Alopecurus pratensis L.
CC = *
CW = -3
MOC = 16
Family - Poaceae/Aveneae
Habit - Perennial cool-season (C3) grass, forming small clumps.
Stems - Flowering stems 40-90 cm long, erect or ascending from often spreading bases, sometimes rooting at the lower nodes.
Leaves - Leaf sheaths with the ligules 1-4 mm long. Leaf blades 4-25 cm long, 2-8 mm wide, flat.
Inflorescences - appearing as dense, cylindrical spikes, the short branches appressed to but not fused with the main axis, not apparent at flowering time without dissecting the inflorescence. Inflorescences 2-10 cm long, 5-11 mm wide. Glumes 3.5-6.0 mm long, sharply pointed at the tip, hairy, especially along the midnerve (keel) and lateral nerves.
Spikelets - Strongly flattened laterally, disarticulating below the glumes, with 1 perfect floret and without additional staminate or sterile florets. Glumes about as long as the lemma, similar in size and shape, oblong to elliptic-ovate, rounded to sharply pointed at the tip, awnless, usually fused toward the base, strongly keeled and 3-nerved, hairy, at least on the midnerve (keel). Lemma thin and membranous, oblong-elliptic, rounded to sharply pointed at the tip, faintly 3-or 5-nerved, glabrous, with a slender awn 5-10 mm long (extended 2-6 mm past the glumes), attached toward the base of the lemma midnerve, twisted or bent abruptly near the midpoint. Palea absent. Stamens 3, the anthers 1.6-3.5 mm long.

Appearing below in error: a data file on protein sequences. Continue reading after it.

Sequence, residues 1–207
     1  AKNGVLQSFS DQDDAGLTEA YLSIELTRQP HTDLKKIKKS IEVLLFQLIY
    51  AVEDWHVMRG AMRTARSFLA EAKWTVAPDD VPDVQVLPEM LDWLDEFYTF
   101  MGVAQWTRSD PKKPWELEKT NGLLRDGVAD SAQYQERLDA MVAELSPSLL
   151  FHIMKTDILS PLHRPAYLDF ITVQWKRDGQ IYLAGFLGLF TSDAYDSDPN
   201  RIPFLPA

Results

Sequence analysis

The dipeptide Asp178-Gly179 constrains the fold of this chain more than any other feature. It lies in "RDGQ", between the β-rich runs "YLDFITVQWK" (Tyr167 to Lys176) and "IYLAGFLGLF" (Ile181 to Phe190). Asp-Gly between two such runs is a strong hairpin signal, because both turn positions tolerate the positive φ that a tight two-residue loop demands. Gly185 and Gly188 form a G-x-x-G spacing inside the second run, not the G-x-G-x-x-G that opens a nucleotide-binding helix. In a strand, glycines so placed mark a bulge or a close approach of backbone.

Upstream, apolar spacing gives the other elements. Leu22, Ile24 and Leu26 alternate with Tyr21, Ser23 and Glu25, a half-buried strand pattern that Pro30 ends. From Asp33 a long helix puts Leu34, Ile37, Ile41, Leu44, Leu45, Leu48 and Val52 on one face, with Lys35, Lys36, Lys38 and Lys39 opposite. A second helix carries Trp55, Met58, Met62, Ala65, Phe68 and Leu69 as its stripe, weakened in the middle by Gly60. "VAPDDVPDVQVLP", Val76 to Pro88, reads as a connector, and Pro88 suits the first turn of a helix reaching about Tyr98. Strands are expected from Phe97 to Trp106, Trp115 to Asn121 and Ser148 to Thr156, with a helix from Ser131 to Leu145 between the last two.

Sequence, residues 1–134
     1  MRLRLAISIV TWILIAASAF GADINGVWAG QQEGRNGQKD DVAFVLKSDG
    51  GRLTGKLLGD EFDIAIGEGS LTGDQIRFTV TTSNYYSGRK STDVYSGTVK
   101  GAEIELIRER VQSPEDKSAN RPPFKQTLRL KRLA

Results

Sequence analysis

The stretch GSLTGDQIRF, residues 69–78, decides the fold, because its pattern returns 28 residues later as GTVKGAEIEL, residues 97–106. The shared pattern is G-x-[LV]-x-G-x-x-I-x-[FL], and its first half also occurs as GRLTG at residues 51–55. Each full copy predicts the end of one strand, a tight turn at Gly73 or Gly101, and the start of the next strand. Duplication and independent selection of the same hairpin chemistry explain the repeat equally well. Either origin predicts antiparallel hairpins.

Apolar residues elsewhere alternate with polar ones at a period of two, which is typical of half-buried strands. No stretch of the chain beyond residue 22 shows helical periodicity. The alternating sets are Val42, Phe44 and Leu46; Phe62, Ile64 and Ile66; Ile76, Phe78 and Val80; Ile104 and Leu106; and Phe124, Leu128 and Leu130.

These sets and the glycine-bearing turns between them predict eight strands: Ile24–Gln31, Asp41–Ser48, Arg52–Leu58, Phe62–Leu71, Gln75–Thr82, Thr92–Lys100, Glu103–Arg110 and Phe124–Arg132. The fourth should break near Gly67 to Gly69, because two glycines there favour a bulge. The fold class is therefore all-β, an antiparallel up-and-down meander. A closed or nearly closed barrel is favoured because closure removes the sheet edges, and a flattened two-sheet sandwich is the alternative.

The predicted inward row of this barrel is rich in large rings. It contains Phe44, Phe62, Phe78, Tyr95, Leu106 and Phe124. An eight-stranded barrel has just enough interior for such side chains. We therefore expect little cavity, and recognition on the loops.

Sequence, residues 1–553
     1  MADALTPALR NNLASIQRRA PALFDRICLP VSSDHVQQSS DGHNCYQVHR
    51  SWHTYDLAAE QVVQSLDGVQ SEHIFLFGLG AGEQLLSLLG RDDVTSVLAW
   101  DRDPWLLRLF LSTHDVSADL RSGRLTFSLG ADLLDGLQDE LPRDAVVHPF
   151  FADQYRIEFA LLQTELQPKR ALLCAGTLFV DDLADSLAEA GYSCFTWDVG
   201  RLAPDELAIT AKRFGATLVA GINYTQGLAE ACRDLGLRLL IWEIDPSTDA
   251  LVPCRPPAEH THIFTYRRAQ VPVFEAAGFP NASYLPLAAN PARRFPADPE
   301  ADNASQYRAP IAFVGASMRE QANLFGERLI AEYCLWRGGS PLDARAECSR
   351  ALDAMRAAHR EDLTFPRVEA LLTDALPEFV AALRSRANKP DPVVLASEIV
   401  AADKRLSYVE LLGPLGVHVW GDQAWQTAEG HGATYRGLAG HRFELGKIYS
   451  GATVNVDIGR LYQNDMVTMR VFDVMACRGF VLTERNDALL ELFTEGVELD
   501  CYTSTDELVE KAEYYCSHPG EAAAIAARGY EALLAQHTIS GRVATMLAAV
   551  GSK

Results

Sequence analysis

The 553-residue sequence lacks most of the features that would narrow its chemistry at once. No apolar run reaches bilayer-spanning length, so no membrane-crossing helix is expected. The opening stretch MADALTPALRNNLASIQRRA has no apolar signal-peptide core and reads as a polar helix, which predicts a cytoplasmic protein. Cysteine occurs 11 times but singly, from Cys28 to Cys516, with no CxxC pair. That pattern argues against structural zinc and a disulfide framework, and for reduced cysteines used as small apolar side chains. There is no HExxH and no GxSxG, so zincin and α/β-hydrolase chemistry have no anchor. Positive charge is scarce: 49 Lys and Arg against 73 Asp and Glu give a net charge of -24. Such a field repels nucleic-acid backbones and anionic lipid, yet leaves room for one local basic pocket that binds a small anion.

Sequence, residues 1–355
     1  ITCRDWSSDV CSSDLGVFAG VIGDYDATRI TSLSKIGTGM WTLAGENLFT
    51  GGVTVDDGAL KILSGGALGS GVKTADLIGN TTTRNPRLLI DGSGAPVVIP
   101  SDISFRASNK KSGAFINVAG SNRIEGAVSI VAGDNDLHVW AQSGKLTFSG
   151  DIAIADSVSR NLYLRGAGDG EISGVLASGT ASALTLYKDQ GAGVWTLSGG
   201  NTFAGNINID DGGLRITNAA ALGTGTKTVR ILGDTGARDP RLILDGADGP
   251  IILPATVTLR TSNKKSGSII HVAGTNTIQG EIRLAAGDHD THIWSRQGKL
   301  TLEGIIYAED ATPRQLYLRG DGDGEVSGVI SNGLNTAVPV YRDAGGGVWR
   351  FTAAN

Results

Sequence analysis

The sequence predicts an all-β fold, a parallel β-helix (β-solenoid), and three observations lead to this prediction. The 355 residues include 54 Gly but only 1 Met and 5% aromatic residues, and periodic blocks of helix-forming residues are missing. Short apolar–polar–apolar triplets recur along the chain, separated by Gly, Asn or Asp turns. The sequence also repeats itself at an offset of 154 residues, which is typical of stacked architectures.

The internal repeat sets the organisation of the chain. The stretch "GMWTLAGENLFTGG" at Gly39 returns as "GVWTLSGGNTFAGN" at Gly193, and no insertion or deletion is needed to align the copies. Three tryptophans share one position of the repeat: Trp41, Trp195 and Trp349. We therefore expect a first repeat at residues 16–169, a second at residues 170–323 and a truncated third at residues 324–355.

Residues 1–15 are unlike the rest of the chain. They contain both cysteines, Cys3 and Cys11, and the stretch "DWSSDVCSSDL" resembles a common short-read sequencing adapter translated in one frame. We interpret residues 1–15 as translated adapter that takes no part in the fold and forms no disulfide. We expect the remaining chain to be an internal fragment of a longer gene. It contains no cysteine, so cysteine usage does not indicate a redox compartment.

Fruits - Caryopses 1.5-3.0 mm long.
Flowering - May - August.
Habitat - Pastures, fields, roadsides, moist disturbed grassy areas.
Origin - Native to Eurasia.
Lookalikes - Other members of the genus, also Phleum pratense.
Other info. - This grass species is found in grasslands across much of the continental U.S., especially in the Northwest, though it is still not terribly common in Missouri. From a few feet away it strongly resembles Phleum pratense (timothy), both of which are grown for hay. It is easily distinguished from timothy by a close look at the inflorescence. Spikelets of timothy have a distinctive "horned" appearance, whereas those of Alopecurus are simply tapered to a single sharp point at their apex. Another characteristic feature of this plant is that the relatively soft awns attach near the base of the lemmas.
Photographs taken near Labadie, Franklin County, MO, 4-29-2023 (SRTurner).